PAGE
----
Company insolvencies rise by 9%

There has been a spike in the number of companies entering insolvency in Q3 2018, up by 8.9% compared to the previous quarter and 19.3% higher than in the same quarter of last year, according to official statistics from the Insolvency Service which show a sharp increase in creditors’ voluntary liquidations (CVLs)

A total of 4,308 companies entered insolvency in Q3 2018, consisting of 3,083 CVLs which made up 71.6% of all insolvencies, 741 compulsory liquidations (17.2%) and 484 other insolvencies (11.2%).

The underlying number of CVLs in Q3 2018 was 3,083, an increase of 20.7% on Q2 2018, and the highest quarterly level since Q1 2012.

The number of compulsory liquidations in Q3 2018 fell by 2.5% on the previous quarter, but increased by 11.1% compared to Q3 2017.

The construction industry had the highest number of insolvencies in the 12 months ending Q3 2018, followed by the wholesale and retail trade & repair of vehicles industrial grouping.

Duncan Swift, vice president of insolvency and restructuring trade body R3, said: ‘This is the first time we have seen more than 4,000 corporate insolvencies in one quarter since the start of 2014. So far, 2018 has been a tough year for English and Welsh businesses, with insolvency numbers equal to or much higher in every quarter than in the same period last year.

‘The key causes of insolvencies seen by the insolvency profession are familiar. Rates problems, particularly for retailers, are frequently mentioned, and the Chancellor’s rates-relief announcements in the Budget have come too late for some.’

Swift also raised concerns about the announcement in yesterday’s Budget that saw the government announce plans to partially restore HMRC’s preferential position in insolvencies, warning the move could have unintended consequences for insolvency numbers.

‘With HMRC legislating its way towards the front of the queue for creditor repayments after company insolvencies, other creditors will receive less back after insolvencies, with a knock-on effect for their own finances. The change may also affect banks’ appetite for lending to distressed businesses, jeopardising business rescue. This will be something to watch in 2020 when the changes are due to kick in,’ Swift said.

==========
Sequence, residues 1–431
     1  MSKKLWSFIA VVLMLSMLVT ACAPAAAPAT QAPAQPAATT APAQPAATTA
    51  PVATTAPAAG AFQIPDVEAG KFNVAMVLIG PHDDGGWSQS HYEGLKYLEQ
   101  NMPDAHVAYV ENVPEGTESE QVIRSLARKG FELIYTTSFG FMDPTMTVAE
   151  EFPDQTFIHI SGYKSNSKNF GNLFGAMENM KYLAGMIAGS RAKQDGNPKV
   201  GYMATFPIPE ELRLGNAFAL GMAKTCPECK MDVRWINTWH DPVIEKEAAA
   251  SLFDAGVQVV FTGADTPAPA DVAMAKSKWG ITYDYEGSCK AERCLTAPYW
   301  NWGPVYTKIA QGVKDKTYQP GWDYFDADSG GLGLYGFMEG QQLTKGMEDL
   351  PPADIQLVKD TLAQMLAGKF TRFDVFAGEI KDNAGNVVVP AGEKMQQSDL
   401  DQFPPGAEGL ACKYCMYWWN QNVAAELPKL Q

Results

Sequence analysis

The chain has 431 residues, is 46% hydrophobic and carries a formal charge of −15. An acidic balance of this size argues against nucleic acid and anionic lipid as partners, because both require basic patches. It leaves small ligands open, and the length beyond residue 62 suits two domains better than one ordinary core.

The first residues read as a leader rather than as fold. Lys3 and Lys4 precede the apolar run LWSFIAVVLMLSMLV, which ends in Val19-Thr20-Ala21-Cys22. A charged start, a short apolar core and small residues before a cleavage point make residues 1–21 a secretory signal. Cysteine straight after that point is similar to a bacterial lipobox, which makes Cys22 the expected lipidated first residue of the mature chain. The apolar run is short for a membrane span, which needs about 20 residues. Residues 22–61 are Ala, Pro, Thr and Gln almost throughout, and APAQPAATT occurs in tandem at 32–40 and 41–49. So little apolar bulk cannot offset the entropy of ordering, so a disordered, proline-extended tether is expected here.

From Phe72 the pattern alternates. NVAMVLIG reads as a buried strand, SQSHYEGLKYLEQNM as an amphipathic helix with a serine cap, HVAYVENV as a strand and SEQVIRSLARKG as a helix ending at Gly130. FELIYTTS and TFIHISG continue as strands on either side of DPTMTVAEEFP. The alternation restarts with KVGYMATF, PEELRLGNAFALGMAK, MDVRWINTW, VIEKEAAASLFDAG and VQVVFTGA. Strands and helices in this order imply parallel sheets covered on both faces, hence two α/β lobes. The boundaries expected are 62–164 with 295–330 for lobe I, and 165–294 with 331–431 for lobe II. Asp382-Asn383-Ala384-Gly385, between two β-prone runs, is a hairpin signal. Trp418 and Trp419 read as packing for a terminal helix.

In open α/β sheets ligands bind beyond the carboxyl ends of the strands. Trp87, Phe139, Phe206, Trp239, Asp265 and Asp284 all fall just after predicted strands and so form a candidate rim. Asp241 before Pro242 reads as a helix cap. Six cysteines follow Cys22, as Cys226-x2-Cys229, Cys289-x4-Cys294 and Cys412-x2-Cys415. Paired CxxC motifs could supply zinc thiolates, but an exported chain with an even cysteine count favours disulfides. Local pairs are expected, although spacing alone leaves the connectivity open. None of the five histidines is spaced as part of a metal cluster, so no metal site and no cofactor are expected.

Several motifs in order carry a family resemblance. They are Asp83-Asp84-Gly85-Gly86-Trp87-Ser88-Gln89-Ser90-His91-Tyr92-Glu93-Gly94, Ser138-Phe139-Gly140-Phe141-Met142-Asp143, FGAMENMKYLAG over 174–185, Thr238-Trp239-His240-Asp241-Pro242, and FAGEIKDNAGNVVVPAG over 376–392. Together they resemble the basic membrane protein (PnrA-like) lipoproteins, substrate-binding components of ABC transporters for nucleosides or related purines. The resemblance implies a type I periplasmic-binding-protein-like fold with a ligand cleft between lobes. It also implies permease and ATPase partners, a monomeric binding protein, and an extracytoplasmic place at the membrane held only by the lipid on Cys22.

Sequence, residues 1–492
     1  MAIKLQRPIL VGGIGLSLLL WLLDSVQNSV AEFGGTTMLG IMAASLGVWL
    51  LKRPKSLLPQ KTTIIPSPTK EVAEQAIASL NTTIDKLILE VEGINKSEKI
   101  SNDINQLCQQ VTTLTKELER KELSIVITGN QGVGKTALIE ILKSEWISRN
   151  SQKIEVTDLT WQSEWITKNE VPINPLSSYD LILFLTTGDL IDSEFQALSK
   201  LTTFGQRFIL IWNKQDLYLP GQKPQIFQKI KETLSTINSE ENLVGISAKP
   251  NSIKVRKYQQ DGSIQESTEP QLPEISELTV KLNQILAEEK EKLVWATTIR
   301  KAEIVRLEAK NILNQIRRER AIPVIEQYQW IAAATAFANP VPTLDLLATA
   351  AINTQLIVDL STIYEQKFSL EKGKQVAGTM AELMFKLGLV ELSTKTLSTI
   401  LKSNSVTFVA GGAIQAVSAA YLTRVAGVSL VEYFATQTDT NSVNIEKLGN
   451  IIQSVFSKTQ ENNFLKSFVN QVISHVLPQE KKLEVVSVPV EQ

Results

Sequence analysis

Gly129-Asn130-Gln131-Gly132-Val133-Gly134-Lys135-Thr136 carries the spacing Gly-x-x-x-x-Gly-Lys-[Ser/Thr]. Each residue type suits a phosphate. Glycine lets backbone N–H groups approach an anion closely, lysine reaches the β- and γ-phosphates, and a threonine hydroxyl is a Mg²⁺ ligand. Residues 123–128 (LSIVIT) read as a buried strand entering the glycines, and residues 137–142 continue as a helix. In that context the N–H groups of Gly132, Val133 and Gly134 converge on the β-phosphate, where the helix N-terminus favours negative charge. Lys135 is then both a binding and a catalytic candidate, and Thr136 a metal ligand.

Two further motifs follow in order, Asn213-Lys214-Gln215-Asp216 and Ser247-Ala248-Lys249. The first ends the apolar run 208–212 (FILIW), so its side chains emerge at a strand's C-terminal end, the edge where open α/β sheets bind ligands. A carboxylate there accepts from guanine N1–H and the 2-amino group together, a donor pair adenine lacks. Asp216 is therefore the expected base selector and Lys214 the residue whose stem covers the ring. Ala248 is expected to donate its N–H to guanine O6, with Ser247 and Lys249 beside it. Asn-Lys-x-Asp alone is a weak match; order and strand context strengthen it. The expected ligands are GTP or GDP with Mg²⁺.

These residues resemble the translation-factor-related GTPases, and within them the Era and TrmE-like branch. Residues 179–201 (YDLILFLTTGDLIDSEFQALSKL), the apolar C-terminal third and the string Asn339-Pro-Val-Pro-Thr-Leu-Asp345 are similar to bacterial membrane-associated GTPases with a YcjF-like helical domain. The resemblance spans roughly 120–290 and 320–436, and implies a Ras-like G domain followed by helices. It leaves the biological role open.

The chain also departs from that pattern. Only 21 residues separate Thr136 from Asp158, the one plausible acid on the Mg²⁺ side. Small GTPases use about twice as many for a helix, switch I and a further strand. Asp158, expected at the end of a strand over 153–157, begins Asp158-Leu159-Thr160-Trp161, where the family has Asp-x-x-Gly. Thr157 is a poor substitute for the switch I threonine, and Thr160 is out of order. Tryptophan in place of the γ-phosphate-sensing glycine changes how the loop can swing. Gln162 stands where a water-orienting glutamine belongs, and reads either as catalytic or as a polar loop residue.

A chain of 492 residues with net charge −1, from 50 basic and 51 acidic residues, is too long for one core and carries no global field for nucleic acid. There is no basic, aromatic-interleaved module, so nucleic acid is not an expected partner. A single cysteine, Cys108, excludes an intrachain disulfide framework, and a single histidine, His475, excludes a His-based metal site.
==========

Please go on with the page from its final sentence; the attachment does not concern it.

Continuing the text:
The statistics show personal insolvencies in Q3 fell 10.5% from Q2’s six-year high, and are 2.5% lower than in the same quarter in 2017.

There were 25,551 individual insolvencies in Q3 2018, 55.8% of which were individual voluntary arrangements (IVAs), 27.7% were debt relief orders (DROs) and 16.5% were bankruptcies.

Swift said: ‘The sharp drop in personal insolvency numbers is welcome, although it's worth paying attention to the increases in DROs and bankruptcies. These figures tend to be a better indicator of serious indebtedness than IVAs, which account for the bulk of personal insolvencies.’

The number of IVAs in Q3 2018 fell 18% compared with a record high in Q2 2018. Bankruptcies increased by 1.7% on the quarter and by 12% on the same quarter in 2017. DROs increased by 0.7% on the quarter and by 11.3% on the same quarter in 2017.

Insolvency Statistics: July to September 2018 are here

Report by Pat Sweet

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